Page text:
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Journal of International Business and Cultural Studies

Author Eddie (1990) Gray and Vint (1995) Salter and Niswander (1995)

Findings Examined 13 Asian-Pacific countries and found evidence that supported all four of Gray's hypotheses. Studied 27 countries and found correlations that supported Gray's hypotheses with respect to Secrecy. Examined 29 countries and found significant positive associations between: uncertainty avoidance (UA) and Professionalism; Uniformity and UA; Secrecy and UA. Found significant negative associations between Uniformity and Masculinity; Secrecy and Individualism. Studied a single country ­ Indonesia and found significant positive associations between Power Distance and Conservatism; Power Distance and Uniformity; UA and Uniformity; UA and Conservatism. Individualism and Professionalism; Individualism and Conservatism. Found significant negative associations between UA and Secrecy; Secrecy and Individualism. Examined seven countries and found evidence that secretiveness, individualism, masculinity and UA do influence companies' disclosure practices. Looked at 39 countries and found no significant relationship between Power Distance and financial disclosure, contrary to Gray's hypothesis. Examined three common law and three code law countries and found no significant relationship between culture, accounting disclosure and the legal system for the common law countries; For the code law countries, all cultural variables were found to be significant. Examined 39 countries over three-year period and found no significant results between culture and financial disclosure.

Sudarwan and Fogarty (1996)

Zarzeski (1996)

Wingate (1997)

Jaggi and Low (2000)

Hope (2003)

Table 1- A summary of the literature examining the Hofstede­Gray framework

CONCLUSION Understanding the impact that environmental factors such as culture have on accounting practice and financial disclosure is important as we move towards international accounting harmonisation. Any insights into how local values may percolate through the accounting treatment and ultimately impact financial disclosure is important to ensure the comparability of international financial reporting. Gray's (1988) framework has raised expectations about how culture may influence accounting practice at a national level. However, empirical research into this question has not demonstrated satisfactorily any proof to support the hypotheses. Given the adoption of International Financial Reporting Standards (IFRS) among many international jurisdictions, one possible area of future research would be to test Towards an Understanding of Cultural Influence, Page 5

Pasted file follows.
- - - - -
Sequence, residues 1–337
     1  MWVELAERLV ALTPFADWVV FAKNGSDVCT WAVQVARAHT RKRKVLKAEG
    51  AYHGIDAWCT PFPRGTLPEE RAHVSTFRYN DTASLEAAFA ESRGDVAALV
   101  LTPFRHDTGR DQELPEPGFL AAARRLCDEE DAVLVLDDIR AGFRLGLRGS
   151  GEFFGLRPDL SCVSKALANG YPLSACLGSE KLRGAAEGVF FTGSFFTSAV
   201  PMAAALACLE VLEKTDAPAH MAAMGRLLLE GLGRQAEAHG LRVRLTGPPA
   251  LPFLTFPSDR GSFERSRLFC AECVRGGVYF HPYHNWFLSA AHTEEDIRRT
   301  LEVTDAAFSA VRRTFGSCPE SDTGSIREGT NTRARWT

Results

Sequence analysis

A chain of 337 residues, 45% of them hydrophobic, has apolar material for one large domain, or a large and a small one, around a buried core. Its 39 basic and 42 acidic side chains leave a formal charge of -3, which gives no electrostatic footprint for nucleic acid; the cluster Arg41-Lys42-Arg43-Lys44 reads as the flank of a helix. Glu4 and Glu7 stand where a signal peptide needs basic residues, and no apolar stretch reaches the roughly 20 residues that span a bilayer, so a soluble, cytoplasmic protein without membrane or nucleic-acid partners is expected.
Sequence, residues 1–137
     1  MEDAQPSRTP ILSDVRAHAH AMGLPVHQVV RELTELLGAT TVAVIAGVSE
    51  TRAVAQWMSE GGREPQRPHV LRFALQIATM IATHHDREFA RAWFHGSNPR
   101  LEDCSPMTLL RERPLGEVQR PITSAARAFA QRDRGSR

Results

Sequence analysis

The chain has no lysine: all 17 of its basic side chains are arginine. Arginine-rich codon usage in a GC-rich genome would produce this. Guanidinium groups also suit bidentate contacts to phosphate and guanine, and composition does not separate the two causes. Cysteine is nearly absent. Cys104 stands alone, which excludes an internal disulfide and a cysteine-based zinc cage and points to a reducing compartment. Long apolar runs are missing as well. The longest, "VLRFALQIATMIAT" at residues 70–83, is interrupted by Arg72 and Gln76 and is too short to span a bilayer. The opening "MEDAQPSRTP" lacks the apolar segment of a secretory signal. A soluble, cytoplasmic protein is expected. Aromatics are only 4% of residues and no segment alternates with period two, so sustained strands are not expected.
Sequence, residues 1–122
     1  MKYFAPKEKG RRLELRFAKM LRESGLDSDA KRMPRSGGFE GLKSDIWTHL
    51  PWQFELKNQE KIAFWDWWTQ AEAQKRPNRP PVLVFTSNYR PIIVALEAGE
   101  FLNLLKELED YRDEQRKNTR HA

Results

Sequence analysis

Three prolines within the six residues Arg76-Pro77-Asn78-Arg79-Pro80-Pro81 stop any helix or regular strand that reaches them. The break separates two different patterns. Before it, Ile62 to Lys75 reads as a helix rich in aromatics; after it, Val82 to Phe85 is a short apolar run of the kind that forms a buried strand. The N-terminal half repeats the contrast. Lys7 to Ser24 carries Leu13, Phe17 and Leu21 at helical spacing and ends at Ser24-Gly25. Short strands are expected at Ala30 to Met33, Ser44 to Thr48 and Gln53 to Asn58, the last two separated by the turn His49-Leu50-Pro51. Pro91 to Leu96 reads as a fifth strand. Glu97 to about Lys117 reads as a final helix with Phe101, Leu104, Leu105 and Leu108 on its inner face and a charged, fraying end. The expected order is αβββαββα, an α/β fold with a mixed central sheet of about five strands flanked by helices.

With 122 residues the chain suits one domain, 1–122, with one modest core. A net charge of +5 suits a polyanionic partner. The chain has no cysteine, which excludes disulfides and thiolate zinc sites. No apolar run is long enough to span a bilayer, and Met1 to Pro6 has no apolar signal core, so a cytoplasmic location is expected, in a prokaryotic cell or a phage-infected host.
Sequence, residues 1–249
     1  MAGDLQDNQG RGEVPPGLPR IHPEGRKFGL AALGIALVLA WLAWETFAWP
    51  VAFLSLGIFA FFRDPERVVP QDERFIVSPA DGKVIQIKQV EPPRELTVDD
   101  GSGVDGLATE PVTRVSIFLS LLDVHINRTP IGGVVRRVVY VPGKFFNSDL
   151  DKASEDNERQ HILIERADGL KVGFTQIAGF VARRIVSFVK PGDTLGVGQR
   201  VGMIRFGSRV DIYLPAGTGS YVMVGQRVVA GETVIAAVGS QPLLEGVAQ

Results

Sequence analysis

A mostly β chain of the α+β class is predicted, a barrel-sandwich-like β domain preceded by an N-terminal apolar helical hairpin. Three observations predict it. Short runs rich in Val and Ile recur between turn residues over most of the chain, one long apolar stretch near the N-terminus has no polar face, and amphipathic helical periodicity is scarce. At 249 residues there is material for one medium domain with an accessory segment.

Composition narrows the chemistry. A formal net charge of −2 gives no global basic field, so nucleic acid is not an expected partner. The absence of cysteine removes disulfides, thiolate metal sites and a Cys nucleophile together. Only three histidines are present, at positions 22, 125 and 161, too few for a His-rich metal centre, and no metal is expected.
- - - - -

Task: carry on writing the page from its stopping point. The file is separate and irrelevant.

Journal of International Business and Cultural Studies independent data on financial disclosure prepared under IFRS, as the dependent variable, against Hofstede's (1980) index score as the independent variable among IFRS jurisdictions. This research could potentially make a significant contribution toward better understanding the role and influence of culture in contemporary international accounting practice. REFERENCES Baydoun, N. and R. Willett. 1995. Cultural relevance of western accounting systems to developing countries. Abacus, Vol. 31: 1: 67-92. Chanchani, S. and A. MacGregor. 1999. A synthesis of cultural studies in accounting. Journal of Accounting Literature. Vol. 18: 1-30. Doupnik, T. S., Tsakumis, G. T. 2004. A Critical Review of the Tests of Gray's Theory of Cultural Relevance and Suggestions for Future Research, Journal of Accounting Literature, Vol. 23: 1-30. Eddie, I.A. 1990. Asia Pacific cultural values and accounting systems. Asia Pacific International Management Forum. Vol. 16: 22-30. Fechner, H.H.E. and A. Kilgore. 1994. The influence of cultural factors on accounting practice. The International Journal of Accounting. Vol. 29: 265-277. Gray, S.J. 1988. Towards a theory of cultural influence on the development of accounting systems internationally. Abacus. Vol. 24: 1-15. Gray, S.J. and H.M. Vint, H.M. 1995. The impact of culture on accounting disclosures: some international evidence. Asia-Pacific Journal of Accounting. Vol. 21: 33-43. Hofstede, G. 1980. Culture's consequences: International differences in work-related values. London: Sage Publications. Hope, O.K. 2003. Firm-level disclosures and the relative roles of culture and legal origin. Journal of International Financial Management & Accounting. Vol. 14: 218-248. Jaggi, B. and P.Y. Low. 2000. Impact of culture, market forces, and legal system on financial disclosures. The International Journal of Accounting. Vol. 35: 495-519. Nobes, C. and Parker, R. 2004, Comparative International Accounting, Eighth edition, Prentice-Hall, Essex. Perera, M.H.B. 1989. Towards a framework to analyze the impact of culture on accounting. The International Journal of Accounting. Vol. 24: 42-56. Salter, S.B. and F. Niswander. 1995. Cultural influence on the development of accounting systems internationally: a test of Gray's (1988) theory. Journal of International Business Studies. Vol. 26: 379-397. Sudarwan, M. and T.J. Fogarty. 1996. Culture and accounting in Indonesia: an empirical examination. The International Journal of Accounting. Vol. 31: 463-481. Wingate, M.L. 1997. An examination of cultural influence on audit environments. Research in Accounting Regulation. Supp. 1: 129-148. Zarzeski, M.T. 1996. Spontaneous harmonization effects of culture and market forces on accounting disclosure practices. Accounting Horizons. Vol. 10: 18-37.